Medical challenges of date rape drugs brought to light at session

Ben Usatch drew attention to a series of issues medics face in today's world when responding to incidents involving teens


By Jamie Thompson
EMS1 Senior Editor

BALTIMORE — The medical challenges date rape drugs and alcoholic energy drinks present to responding EMS units were outlined at EMS Today in Baltimore on Friday.

In a session titled "The Dangerous Games Teenagers Play," Ben Usatch drew attention to a series of issues medics face in today's world when responding to incidents involving young people.

Photo Jamie ThompsonBen Usatch speaks to an EMS Today session about side effects of the date rape drug.
Photo Jamie ThompsonBen Usatch speaks to an EMS Today session about side effects of the date rape drug.

He started the session by focusing on GHB, which, the session was told, is "an oldey but coming back strong."

In high doses, the effects of the date rape drug can cause LOC, seizures, apnea and, finally, coma.

"In most cases, this is taken with alcohol...which is going to compound the effect rather considerably," Usatch said.

When it comes to treatment, medics should:

  • Protect airway, maintain ABCs
  • Suction airway if vomiting
  • Check finger stick for seizures
  • Benzodiazepines for seizures
  • Withdrawal symptoms treated with benzos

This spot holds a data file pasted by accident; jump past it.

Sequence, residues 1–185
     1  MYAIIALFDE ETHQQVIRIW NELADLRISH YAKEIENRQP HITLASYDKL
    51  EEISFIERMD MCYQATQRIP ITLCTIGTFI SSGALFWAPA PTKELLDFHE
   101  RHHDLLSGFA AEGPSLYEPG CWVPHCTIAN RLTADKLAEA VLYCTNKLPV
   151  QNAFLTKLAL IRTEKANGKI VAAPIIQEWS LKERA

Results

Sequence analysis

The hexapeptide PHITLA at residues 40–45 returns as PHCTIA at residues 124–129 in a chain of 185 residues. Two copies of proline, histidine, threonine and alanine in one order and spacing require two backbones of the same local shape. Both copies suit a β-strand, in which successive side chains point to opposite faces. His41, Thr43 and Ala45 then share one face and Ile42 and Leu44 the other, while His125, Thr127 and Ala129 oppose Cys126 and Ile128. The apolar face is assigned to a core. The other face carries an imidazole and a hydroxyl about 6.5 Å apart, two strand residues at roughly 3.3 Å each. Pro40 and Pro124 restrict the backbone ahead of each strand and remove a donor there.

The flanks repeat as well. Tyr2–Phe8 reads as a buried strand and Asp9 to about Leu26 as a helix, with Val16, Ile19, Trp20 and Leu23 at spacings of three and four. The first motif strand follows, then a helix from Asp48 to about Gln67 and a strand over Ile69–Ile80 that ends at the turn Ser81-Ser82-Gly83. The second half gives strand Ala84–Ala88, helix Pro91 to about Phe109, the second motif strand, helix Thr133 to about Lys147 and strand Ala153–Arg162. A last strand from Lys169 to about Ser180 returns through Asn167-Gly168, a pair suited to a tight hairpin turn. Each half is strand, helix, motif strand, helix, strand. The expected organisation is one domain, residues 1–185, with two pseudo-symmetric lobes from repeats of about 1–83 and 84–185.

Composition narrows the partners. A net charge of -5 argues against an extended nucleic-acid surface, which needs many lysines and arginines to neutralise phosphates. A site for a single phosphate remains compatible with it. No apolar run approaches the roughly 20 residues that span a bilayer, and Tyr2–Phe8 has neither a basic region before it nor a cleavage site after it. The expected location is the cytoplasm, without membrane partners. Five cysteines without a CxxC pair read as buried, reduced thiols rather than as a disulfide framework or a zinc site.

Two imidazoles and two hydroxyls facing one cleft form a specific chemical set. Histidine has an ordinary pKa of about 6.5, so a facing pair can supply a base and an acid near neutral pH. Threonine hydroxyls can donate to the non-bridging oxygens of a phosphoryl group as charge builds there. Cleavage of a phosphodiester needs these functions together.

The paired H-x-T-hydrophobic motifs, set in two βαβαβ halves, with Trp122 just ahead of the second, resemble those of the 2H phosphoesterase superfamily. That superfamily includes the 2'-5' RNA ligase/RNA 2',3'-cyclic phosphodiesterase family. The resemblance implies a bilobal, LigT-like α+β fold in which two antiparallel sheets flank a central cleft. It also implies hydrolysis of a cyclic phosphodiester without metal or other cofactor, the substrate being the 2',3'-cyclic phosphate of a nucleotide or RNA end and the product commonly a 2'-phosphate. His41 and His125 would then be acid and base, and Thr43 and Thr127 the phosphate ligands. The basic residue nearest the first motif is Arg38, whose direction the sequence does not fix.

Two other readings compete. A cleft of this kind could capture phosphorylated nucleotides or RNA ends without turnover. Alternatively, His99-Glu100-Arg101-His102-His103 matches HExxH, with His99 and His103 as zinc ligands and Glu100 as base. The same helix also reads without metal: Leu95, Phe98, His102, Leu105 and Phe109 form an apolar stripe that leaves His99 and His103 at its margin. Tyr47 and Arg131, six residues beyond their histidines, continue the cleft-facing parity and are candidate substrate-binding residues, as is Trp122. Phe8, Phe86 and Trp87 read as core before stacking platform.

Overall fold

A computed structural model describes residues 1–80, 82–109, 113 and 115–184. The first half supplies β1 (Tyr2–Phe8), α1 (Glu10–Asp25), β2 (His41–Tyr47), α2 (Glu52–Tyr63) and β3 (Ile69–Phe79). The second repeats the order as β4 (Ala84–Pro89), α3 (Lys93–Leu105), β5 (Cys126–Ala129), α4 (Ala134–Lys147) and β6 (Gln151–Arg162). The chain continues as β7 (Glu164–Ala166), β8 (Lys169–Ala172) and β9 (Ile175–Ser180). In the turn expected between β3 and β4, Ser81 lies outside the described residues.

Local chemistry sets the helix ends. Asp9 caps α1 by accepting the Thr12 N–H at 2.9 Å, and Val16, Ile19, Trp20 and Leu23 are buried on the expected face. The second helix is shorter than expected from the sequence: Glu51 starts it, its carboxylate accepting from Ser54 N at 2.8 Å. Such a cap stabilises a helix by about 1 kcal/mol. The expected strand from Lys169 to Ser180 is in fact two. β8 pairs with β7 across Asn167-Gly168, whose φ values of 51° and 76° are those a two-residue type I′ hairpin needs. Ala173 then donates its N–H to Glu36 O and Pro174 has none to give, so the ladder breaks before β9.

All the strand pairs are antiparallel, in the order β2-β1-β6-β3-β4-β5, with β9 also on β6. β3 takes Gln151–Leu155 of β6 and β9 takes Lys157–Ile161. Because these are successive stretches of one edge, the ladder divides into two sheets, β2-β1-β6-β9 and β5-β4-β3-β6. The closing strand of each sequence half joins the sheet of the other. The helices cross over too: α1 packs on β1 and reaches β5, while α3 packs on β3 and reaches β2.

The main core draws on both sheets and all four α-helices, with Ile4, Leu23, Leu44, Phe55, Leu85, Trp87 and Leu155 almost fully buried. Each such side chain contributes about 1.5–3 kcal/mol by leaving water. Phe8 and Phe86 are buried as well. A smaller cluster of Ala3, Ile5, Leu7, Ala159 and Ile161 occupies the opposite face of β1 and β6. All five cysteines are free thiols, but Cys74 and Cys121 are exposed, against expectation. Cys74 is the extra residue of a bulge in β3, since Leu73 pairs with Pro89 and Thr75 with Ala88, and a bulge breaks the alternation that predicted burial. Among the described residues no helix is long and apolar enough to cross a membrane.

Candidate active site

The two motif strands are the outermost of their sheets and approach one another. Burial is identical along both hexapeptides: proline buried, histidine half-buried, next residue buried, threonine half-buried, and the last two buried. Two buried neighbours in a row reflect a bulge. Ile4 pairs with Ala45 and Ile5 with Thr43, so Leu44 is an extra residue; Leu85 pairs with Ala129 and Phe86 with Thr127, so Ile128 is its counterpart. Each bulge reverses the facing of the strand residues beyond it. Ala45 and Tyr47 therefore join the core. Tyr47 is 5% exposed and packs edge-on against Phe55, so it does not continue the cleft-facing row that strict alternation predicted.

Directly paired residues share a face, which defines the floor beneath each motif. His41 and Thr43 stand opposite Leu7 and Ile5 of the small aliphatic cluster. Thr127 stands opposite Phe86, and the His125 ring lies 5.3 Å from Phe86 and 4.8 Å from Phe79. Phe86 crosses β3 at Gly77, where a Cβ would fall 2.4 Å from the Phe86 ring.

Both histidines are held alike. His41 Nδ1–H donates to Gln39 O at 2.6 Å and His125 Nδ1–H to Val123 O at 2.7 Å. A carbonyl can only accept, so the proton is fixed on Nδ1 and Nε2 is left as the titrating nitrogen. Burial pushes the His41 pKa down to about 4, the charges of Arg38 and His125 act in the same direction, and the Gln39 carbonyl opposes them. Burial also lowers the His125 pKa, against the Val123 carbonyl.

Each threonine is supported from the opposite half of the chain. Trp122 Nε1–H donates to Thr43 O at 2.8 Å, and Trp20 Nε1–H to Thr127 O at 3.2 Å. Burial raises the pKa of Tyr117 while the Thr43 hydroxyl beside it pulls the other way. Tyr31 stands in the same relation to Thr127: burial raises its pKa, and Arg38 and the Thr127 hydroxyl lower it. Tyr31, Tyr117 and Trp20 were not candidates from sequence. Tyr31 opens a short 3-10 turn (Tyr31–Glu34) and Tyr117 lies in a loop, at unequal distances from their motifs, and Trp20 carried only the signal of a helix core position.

Usatch moved on to discuss with the audience another date rape drug, rohypnol, which is tasteless and dissolves easily in carbonated beverages. Just 1mg can impair a victim for as long as eight hours.

Side effects medics in the field will see include:

  • Hypotension
  • Bradycardia
  • Respiratory depression/arrest
  • Dizziness
  • Confusion
  • GI disturbances
  • Urinary retention

Treatment recommended by Usatch includes maintaining ABCs and watching for respiratory depression/arrest.

In addition, if dealing with a presumed victim of date rape or other assault, Usatch said responders must remember to ensure the police have been notified, and to not change clothes, shower, douche.

A new challenge faced by responders in recent times is drinks containing caffeine and alcohol, such as the notorious Four Loko.

Late last year, the drink was banned by the FDA. Just three cans of the drink are the equivalent of about 18 beers and several cups of coffee.

However, with many people buying crates before the ban came into effect and other similar drinks remaining on the market, medics still need to be aware of the problems intoxication can cause, according to Usatch.

"With the high alcohol content and presence of caffeine, it gives a stimulant on top of the alcohol content – that's where the problem is with this," he said.

Treatment tips offered by Usatch include:

  • Same as any hallucinogens
  • Effects of both alcohol intoxication and sympathomemic stimulation
  • IVFs
  • Watch for excited delirium

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